In April, the S&P Case-Shiller Home Price Index dropped for the 13th month in a row. To be clear, home values are still going up nationally; they’re just rising at a more moderate rate. Annual gains for April clocked in at 3.5%, down from 3.7% in March.

But in some markets the shift has been far more dramatic.

Take Seattle. For two years price growth accelerated faster there than anywhere else in the country. Then between April 2018 and April 2019, the year-over-year price change shrunk from 13.8% growth to a 0.0% flatline. Over the same time frame, San Francisco fell from 10.9% to 1.8% annual gains.

Notice a trend? The markets with the fastest growth fell the hardest. Some exceptions bucking the norm have been Las Vegas, Phoenix and Tampa, their resilience due to how hard they were hit by the 2008 housing crisis.

“I would say the price appreciation of 3% is a healthy development,” added Yun.

Mortgage rates drop, but buyers aren’t jumping the gun

After four benchmark rate hikes in 2018, the Federal Reserve signaled it planned on two more increases this year. That gave analysts every reason to believe mortgages were well on their way 5.5%.

But in March the Fed moved away from that intent and showed signs of even lowering the interest rate (whether that will happen is still TBD). As expectations changed, mortgage rates dropped from 5.09% to 4.09% between November 2018 and June 2019.

However, low interest rates aren’t like an immediate caffeine jolt for the housing market. “It doesn’t impact the down payment,” said Olsen. “And that’s the real struggle, right? Just because mortgage rates dropped doesn’t mean I can suddenly reenter the housing market.”

Demand is also tied to homebuyer sentiment, which isn’t necessarily strong right now. In June, consumer confidence dropped 9.8 points to the lowest level since September 2017 as a result of tensions surrounding the trade wars, according to the Conference Board.

“Consumers are picking up on that lack of certainty about the economic outlook,” said Danielle Hale, Chief Economist at realtor.com. “And that’s not necessarily going to inspire them to make large purchases like a house.”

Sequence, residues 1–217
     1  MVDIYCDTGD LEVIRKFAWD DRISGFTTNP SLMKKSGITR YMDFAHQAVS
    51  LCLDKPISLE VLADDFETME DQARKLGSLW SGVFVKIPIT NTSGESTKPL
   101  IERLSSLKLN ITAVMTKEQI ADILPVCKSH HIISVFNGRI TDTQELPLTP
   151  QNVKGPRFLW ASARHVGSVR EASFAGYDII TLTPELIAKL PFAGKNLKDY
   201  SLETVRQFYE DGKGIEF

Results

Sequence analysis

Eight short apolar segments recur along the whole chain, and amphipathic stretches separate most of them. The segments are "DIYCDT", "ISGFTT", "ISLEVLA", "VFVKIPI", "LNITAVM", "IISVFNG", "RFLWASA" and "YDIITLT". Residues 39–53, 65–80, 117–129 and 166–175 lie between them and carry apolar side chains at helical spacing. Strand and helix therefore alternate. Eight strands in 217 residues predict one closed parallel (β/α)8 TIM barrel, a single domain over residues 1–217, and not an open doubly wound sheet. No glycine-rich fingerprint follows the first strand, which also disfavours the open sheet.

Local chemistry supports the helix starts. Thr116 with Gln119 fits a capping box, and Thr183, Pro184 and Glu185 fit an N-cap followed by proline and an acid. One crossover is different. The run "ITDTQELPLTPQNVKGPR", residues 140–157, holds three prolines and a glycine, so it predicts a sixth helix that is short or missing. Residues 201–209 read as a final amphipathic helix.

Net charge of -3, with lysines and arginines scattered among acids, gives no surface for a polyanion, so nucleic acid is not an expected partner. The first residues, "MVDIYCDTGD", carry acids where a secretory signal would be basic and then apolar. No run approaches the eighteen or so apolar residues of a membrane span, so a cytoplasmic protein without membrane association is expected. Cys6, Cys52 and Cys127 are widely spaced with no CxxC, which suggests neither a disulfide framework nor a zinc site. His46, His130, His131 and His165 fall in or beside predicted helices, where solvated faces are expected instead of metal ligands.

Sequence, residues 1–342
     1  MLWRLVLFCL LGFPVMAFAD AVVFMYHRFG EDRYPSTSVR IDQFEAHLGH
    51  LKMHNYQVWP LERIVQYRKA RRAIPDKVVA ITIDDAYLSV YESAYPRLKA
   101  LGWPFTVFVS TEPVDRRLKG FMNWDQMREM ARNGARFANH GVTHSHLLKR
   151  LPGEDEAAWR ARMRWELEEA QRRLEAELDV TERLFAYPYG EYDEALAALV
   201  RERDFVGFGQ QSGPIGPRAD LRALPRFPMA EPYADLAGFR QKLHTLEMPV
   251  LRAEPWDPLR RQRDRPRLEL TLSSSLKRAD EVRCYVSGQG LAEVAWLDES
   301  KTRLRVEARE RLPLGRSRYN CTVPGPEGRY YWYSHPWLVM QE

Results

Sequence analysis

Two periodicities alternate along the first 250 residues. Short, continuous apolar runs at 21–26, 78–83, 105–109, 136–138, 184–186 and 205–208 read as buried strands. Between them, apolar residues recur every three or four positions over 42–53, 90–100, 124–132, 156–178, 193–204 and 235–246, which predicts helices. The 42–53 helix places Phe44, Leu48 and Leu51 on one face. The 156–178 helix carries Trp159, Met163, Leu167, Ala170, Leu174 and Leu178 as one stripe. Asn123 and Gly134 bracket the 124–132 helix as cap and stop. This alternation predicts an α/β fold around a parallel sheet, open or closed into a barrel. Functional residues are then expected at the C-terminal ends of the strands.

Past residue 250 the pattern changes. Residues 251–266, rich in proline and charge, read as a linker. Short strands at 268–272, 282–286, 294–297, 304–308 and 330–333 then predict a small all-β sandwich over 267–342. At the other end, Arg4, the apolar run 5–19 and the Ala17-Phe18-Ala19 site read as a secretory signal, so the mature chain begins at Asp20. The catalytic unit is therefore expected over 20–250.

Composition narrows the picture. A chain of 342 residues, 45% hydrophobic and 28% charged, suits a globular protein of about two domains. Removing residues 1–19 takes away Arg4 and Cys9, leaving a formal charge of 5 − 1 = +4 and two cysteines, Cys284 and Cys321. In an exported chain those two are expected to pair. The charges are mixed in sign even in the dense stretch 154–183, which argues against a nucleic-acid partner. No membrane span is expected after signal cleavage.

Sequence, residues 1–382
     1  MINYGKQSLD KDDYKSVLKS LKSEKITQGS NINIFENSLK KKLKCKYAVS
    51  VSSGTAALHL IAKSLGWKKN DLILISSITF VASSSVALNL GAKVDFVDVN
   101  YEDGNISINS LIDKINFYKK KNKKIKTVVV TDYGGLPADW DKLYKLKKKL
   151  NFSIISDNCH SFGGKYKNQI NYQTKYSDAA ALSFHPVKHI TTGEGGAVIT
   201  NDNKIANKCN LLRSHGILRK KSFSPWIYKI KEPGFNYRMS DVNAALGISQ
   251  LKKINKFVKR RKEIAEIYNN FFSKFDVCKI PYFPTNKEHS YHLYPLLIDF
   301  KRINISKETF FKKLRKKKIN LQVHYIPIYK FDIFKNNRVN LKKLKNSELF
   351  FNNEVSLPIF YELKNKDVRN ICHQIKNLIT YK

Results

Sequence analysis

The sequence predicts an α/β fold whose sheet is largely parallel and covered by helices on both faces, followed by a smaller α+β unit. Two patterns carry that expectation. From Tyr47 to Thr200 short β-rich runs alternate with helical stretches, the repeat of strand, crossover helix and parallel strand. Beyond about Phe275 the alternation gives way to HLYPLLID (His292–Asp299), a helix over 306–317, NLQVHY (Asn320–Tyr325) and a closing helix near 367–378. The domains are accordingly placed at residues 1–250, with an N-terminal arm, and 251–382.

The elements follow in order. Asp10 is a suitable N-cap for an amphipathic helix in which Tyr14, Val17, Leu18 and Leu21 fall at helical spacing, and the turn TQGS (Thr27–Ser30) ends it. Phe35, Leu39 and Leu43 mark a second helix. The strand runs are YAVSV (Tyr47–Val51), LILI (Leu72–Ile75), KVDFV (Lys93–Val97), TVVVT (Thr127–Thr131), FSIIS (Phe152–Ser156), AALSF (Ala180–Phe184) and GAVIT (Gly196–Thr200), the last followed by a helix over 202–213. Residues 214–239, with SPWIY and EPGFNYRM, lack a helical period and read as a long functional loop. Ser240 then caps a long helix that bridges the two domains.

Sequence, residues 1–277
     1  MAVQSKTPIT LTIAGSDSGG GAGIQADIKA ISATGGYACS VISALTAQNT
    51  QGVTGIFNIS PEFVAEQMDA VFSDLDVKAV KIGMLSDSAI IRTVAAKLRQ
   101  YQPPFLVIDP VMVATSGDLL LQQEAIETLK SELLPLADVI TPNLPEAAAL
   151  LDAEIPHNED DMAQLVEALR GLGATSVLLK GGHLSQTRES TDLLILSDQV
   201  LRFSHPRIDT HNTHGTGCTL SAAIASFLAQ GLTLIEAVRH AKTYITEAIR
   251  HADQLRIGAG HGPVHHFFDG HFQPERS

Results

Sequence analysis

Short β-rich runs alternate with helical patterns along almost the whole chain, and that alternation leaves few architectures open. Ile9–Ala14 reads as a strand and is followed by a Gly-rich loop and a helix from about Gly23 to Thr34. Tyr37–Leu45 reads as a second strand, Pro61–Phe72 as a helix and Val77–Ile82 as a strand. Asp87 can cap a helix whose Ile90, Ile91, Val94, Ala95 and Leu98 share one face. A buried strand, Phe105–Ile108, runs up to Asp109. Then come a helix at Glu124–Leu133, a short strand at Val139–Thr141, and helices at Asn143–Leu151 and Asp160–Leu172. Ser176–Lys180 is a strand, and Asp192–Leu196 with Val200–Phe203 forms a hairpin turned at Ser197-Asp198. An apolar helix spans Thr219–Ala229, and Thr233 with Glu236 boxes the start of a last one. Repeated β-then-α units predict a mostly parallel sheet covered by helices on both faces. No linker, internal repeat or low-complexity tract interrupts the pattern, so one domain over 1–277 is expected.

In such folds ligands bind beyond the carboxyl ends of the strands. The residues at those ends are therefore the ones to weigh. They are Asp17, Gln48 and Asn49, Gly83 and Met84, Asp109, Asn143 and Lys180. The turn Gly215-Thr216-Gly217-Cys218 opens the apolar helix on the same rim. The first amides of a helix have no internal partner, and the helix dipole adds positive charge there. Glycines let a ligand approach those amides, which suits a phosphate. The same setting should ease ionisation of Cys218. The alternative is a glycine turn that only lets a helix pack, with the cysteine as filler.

Inventory challenges persist on the low-end price points 

Overall inventory has started to creep up a bit this year, though it’s deceiving to try and judge the state of affairs without seeing how the market is truly split in half.

“There is plentiful inventory on the upper end market, so the housing shortage is really on the mid-priced and low ends,” said Yun. “Because the property tax deduction has been limited, there is less desire or greater financial burden from owning than before, so the upper-end market appears to be generally softer.”

In addition experts say builders have faced a number of obstacles to ramping up new construction, including high land prices, labor barriers, material costs, and the onerous process to obtain permits.

All this puts pressure on profit margins so when builders do construct a new house, it tends to be more on the luxury end.

Finally, as people move less often and more boomers decide to age in place rather than downsize, “that’s just kind of holding up a lot of the inventory that otherwise would be lubricating the whole system,” Olsen added.

So together these dynamics have created a tale of two markets.

“If you’re selling an entry level home, you’re probably still looking at a pretty competitive market in most places,” said Hale. “But if you’re selling a more expensive home you probably have to adjust your expectations.”